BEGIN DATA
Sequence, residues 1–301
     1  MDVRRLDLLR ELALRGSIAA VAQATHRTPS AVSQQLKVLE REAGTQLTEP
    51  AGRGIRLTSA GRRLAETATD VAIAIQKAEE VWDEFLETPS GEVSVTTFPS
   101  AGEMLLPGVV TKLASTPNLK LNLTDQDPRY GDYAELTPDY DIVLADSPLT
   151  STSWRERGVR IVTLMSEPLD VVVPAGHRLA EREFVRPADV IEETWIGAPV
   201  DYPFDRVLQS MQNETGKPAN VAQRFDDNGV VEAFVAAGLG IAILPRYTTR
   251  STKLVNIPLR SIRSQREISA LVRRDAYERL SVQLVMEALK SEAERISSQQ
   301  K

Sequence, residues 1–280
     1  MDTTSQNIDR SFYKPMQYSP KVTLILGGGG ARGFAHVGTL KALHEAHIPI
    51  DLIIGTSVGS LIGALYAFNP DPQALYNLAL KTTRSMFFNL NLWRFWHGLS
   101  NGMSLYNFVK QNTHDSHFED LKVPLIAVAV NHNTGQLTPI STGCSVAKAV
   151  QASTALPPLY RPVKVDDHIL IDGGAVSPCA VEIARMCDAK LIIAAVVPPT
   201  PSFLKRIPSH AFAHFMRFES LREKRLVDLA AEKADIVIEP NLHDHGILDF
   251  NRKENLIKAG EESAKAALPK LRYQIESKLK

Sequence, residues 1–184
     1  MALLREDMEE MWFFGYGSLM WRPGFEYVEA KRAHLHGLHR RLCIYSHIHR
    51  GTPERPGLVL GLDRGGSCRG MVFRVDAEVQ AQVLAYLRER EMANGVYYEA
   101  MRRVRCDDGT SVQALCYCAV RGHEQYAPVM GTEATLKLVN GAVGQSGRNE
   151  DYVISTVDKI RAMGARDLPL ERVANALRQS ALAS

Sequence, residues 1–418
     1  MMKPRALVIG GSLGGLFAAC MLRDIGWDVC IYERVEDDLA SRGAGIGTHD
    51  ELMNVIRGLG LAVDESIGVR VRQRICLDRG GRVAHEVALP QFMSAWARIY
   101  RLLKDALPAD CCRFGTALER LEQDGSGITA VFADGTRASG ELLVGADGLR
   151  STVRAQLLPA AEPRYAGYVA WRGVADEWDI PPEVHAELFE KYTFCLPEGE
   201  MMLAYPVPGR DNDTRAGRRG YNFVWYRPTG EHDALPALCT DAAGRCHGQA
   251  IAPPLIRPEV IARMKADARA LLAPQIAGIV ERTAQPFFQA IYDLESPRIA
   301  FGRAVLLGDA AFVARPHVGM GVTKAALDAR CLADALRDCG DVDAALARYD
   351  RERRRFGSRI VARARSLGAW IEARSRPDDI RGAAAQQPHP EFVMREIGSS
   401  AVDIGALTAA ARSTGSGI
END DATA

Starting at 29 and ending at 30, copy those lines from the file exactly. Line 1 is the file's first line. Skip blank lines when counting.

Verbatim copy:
   351  RERRRFGSRI VARARSLGAW IEARSRPDDI RGAAAQQPHP EFVMREIGSS
   401  AVDIGALTAA ARSTGSGI